Unwelcome Workers

Congress must decide what to do with an estimated 12 million illegal immigrants - 250,000 in Maryland

Issue: Illegal Immigration


October 01, 2006|By Kelly Brewington | Kelly Brewington,SUN STAFF

Adriana Pelaez never considered herself much of an activist. But when she learned of a congressional proposal that would make felons out of people like herself, she took to the streets with hundreds of thousands of illegal immigrants and their supporters, demanding an opportunity to live without fear.

Pelaez, 31, who fled Mexico three years ago and works as a nanny in Baltimore, has even lobbied her representatives on Capitol Hill, who she knows hold the answer to whether she can stay or must go.

Whoever is elected to the U.S. Congress in November will be forced to confront the intractable issue of illegal immigration and the fate of nearly 12 million illegal immigrants in the United States, including an estimated quarter of a million in Maryland.

Indeed, a flood of illegal immigration has become a major political hot potato nationally, with cross-currents of advocacy from business owners who depend on illegal workers, people concerned about border security and immigrant advocates.

The front-runners seeking to represent Maryland in Congress have avoided suggesting specific immigration reform solutions, relying instead on generalities. While many offer rhetoric that embraces a comprehensive solution, some others argue that enforcement of existing laws and tightening the Mexican border should be the utmost priority.

Meanwhile, Congress is at an impasse. Enforcement-only measures passed last spring by the House of Representatives sparked immigrants and their advocates to wage huge demonstrations in cities across the country. Some of those get-tough provisions resurfaced last week when the House passed three Republican-backed bills, including one that would force voters to show proof of citizenship at the polls.

This summer, the Senate took a different tack, passing a comprehensive measure that included a path to citizenship for illegal immigrants and a temporary worker program.

Political observers say it's unlikely the disparate sides will come to any agreement on immigration this year.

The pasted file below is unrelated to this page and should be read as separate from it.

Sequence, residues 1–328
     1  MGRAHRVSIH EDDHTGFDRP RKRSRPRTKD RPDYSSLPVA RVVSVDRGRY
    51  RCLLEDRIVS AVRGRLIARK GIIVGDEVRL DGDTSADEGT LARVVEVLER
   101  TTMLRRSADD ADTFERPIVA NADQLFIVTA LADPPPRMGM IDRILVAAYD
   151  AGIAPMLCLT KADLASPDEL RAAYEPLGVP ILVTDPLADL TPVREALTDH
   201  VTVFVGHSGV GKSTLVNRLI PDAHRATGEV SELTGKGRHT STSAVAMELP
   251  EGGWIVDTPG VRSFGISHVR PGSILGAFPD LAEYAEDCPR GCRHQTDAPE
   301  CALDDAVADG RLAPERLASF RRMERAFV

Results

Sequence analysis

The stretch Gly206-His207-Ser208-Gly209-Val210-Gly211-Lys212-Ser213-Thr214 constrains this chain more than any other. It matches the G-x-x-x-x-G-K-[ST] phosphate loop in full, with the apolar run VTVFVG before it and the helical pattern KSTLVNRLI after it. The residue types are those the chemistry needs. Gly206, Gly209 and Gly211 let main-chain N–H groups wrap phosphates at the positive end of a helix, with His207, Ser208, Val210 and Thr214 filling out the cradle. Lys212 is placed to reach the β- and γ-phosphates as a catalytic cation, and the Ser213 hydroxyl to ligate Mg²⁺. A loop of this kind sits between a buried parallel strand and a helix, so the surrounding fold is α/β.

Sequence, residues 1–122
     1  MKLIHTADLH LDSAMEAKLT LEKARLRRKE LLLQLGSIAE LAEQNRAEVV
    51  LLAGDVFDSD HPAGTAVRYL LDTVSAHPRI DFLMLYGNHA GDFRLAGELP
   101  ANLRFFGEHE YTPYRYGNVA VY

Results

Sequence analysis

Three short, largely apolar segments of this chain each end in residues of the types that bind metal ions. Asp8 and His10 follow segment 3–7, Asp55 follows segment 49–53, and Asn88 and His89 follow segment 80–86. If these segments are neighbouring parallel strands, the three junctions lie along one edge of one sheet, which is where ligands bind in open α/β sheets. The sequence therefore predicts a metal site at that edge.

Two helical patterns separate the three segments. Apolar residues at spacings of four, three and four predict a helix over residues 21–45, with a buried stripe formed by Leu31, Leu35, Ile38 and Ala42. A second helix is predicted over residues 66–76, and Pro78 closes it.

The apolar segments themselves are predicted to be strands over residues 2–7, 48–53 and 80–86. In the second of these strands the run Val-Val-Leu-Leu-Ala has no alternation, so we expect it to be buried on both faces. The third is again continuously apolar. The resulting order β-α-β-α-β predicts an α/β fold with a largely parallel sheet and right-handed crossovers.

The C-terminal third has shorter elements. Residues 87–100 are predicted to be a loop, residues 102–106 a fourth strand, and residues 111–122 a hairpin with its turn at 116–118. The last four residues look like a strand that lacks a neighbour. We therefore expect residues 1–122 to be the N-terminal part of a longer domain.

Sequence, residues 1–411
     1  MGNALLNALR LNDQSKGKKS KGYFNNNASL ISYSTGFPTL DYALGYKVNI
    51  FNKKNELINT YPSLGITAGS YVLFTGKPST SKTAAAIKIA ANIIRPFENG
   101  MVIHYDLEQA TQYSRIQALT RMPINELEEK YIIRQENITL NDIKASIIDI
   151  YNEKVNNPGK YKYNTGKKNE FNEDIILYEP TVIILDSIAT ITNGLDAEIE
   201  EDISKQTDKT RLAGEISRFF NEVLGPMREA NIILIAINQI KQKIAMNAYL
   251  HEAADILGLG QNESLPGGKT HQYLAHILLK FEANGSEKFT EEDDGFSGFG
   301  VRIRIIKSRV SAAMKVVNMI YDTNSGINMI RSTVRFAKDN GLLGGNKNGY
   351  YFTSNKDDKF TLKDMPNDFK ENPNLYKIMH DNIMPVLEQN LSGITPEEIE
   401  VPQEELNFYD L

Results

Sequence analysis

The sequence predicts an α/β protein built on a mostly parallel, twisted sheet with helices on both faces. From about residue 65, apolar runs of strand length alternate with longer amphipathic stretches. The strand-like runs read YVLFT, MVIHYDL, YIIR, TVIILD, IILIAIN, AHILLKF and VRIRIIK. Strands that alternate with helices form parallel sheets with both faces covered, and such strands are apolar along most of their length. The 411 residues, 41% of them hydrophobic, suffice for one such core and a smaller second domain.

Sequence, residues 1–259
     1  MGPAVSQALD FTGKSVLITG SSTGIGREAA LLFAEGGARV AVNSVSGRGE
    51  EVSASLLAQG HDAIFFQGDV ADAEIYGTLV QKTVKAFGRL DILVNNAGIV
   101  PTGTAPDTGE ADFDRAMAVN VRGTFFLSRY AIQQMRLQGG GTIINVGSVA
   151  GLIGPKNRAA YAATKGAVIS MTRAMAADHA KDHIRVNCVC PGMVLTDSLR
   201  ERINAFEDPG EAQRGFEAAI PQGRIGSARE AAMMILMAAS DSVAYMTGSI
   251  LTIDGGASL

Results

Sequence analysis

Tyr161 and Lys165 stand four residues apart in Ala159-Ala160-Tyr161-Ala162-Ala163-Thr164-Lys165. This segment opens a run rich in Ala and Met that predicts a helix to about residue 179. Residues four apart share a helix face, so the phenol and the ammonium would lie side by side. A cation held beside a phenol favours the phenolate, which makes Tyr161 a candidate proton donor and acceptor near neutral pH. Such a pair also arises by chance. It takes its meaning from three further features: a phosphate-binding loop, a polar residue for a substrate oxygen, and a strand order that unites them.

While advocates on the two sides of the debate are at odds over illegal immigration, they agree that Maryland politicians cannot afford to evade the issue for much longer. Though the state has largely escaped the ugly political clashes that have troubled border states, Maryland's undocumented population will only continue to swell and the dilemma over how to cope will grow more complex.

Those hoping to clamp down on the illegal immigrant population warn that a burgeoning population will continue to burden an already strained health care system and raise the taxpayer costs of public school education.

Meanwhile, immigrant advocates caution that the plight of the undocumented and their families will only grow more tenuous, as they are continue to be shut out of jobs that guarantee fair wages, financial assistance for college tuition and opportunities to learn English because of a shortage of funds for language programs.

Look no further to see the clash of these divergent views than to Gaithersburg, a Montgomery County community of 58,000 that has been divided over a day laborer center.

On its face it's a conflict over whether workers, many of them suspected to be illegal, should be allowed to congregate on a corner to find work. But the debate in Gaithersburg encapsulates the thorny questions of illegal immigration being confronted nationwide: the impact of a growing Latino presence, debates over how and where English is spoken, concerns about whether immigrants are taking jobs away from natives or if immigrants are simply doing work Americans won't.

Recently, simmering tensions bubbled over when Gaithersburg police threatened to jail men found congregating at a shopping center parking lot where they frequently wait for employers to hire them.

The workers have since moved a block away, while city leaders and residents remain at odds over whether the city should fund a center for them. At the proposed center, laborers could learn English and job skills, similar to others operated in the state by the immigrant advocacy group CASA of Maryland.

But residents like Stephen Schreiman, who heads the Maryland chapter of the Arizona-based vigilante group the Minutemen Civilian Defense Corps, object to local funds being used for such a center. Schreiman said Minutemen members occasionally monitor the site, hoping to identify employers who hire illegal workers in the hopes of filing a civil suit against them.

"I'm opposed to taxpayer money being spent on criminal activity, first of all," he said. "But I'm also opposed to the fact that the end result is these people are being hired by contractors and businesses at substandard wages, and they cannot earn a reasonable living."

He said the influx of illegal immigrants has resulted in illegal boarding homes that are an eyesore.

"People feel they have lost their neighborhoods," he said.

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